COOKIES – they are basically small text files (up to 4KB). They are created by websites that you have visited.

They are stored within your computer's operating system, either temporarily or permanently on the hard drive.

They have an important role - they allow websites to recognise and record your preferences. Whenever you access a website, cookies will allow you to remember logins and passwords, your favourite settings, customised contents, etc.

Their location depends on the browser. Any time you visit a website, your browser passes a relevant cookie back to the server.

That way a web server can gather information about which web pages are used the most, and which pages are visited repeatedly. This is particularly useful if you often do online shopping.

Cookies contain various URLs (or simply website addresses) to which they refer to. If you enabled them on your computer, you can see them at work whenever you are logging into your email account or some website that requires login and password.

User hashes of logins and passwords are stored in a cookie, which also enables your unique user ID, so you don’t have to type in the same information all over again when accessing a particular website.

Websites mainly use cookies to:

  • identify visitors and users
  • remember users’ custom settings
  • help users complete tasks without having to re‑enter information when visiting the website again




Computer cookies (just like the traditional baked ones!) can have a certain life expectancy.

Based on that, we can divide them into 2 groups:

  • session – these are erased when the user closes the browser, ending a browsing session.
  • persistent – these can stay on the user’s device for a period of time, even long after a browsing session was finished.

Furthermore, they can be classed as below:

  • first-party – these are set by the web server of the visited page. They are necessary to keep track of your personal preferences and the current browsing session
  • third-party – these are set and stored by websites different to the one you could be currently browsing. The third party cookies are often gathered and stored by third-party advertisers. The purpose of these is usually to track your Internet surfing habits. The third-party types are commonly considered an invasion of privacy.




The European Commission issued clear instruction on cookies and gathering of personal information. It gives the following guidelines to online service providers and website administrators:

"You must ask users if they agree to most cookies and similar technologies (e.g. web beacons, Flash cookies, etc.) before the site starts to use them. For consent to be valid, it must be informed, specific, freely given and must constitute a real indication of the individual’s wishes.”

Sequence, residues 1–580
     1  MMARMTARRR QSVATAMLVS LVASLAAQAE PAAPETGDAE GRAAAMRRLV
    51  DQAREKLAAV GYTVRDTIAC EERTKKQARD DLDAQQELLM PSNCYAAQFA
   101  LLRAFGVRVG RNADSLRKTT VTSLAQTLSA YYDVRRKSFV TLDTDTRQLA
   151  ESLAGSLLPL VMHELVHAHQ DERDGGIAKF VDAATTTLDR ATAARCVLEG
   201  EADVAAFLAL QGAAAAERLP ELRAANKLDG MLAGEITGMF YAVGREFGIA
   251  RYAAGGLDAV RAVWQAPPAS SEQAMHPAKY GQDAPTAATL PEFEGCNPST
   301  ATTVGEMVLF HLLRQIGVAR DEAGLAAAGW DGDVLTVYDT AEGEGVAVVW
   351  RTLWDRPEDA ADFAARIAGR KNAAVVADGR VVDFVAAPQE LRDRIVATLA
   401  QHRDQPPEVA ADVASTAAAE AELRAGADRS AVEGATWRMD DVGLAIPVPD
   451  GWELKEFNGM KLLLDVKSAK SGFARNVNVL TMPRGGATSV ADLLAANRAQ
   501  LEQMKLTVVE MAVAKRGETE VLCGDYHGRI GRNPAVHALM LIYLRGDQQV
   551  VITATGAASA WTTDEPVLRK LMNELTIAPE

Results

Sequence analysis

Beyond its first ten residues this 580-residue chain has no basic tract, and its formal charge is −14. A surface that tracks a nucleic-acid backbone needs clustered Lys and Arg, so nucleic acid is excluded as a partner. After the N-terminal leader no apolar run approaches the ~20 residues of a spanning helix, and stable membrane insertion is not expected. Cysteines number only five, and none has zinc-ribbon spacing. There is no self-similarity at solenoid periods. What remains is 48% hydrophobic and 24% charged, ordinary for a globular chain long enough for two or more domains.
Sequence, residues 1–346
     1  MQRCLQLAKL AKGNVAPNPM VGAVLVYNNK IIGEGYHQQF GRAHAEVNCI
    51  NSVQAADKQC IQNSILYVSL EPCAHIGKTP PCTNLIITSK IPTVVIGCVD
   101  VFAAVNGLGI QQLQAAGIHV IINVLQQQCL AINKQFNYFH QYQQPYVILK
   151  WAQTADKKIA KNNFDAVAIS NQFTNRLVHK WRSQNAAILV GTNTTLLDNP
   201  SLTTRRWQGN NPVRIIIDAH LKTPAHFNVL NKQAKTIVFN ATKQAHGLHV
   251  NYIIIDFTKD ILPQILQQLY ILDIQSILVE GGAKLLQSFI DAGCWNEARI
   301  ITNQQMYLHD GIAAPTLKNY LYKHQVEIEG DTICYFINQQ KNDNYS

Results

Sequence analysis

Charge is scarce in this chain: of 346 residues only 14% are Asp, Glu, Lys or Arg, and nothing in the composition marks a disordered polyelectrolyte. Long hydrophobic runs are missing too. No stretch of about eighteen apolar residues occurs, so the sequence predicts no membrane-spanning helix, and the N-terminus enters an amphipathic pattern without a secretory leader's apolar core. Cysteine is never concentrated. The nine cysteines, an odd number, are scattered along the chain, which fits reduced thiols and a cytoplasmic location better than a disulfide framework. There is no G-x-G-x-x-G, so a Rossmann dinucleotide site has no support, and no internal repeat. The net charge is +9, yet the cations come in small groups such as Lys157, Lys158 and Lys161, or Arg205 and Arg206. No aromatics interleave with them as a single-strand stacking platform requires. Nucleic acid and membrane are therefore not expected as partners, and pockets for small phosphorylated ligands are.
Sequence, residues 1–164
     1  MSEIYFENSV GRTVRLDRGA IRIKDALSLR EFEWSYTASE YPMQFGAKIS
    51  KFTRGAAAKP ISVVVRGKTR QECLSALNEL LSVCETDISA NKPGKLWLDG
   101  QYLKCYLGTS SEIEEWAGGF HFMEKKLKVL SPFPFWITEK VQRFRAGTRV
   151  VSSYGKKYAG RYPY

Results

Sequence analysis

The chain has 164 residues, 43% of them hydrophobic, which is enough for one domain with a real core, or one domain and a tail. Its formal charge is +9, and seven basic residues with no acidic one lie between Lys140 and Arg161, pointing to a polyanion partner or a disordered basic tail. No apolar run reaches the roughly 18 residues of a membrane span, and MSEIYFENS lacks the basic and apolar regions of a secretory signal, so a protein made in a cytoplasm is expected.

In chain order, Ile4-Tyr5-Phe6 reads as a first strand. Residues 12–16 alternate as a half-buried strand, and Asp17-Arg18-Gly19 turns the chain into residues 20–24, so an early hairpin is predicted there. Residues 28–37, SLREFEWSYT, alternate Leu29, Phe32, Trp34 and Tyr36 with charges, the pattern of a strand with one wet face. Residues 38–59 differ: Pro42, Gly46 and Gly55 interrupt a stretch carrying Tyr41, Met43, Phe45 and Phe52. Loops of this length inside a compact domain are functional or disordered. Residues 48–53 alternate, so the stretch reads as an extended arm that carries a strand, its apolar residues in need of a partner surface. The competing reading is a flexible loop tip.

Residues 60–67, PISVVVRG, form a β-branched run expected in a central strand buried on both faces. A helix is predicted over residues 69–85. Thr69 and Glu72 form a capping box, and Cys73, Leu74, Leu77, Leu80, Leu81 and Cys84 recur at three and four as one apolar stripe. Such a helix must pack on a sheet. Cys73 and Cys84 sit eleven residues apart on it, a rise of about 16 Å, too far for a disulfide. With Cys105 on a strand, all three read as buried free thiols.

It is important to remember that certain types are exempt from the above requirement.

These include (quoting after the European Commission’s website) the following cookies:

  • user‑input (session-id) such as first‑party cookies to keep track of the user’s input when filling online forms, shopping carts, etc., for the duration of a session or persistent cookies limited to a few hours in some cases

  • authentication, to identify the user once he has logged in, for the time of a session

  • user‑centric security, used to detect authentication abuses, for a limited persistent duration

  • multimedia content player, used to store technical data to play back video or audio content, for the duration of a session

  • load‑balancing, again during a session

  • user‑interface customisation, such as language or font preferences, for the duration of a session (or slightly longer)

  • third‑party social plug‑in content‑sharing cookies, for logged‑in members of a social network.




As explained above, cookies can be very helpful and save you a lot of time, especially when you are utilising a large number of websites and you want them to remember you preferences, settings, or simply to keep you logged in to your account.

Sometimes, however, deleting them can be necessary.

Why and when should you delete them:

  • If your computer stores a very large number of cookies – this can affect it’s performance, especially if it’s an older machine.
  • If suddenly you notice personalised ads from other websites which seem to suggest that somebody knows what content you have been browsing - this means tracking cookies have been gathering information about what stuff you browse and have been adjusting online ads for that content.
  • If you visit sites you don’t want others to know. By deleting cookies you can eradicate proof of ever visiting such websites on your browser.




Instructions on how to delete cookies can vary depending on the browser you are using:

Google Chrome:

Google Chrome cookiesCredit: Safety Online Info


Internet Explorer:

IE cookiesCredit: Safety Online Info

Apple Safari:


Apple safari cookiesCredit: Safety Online Info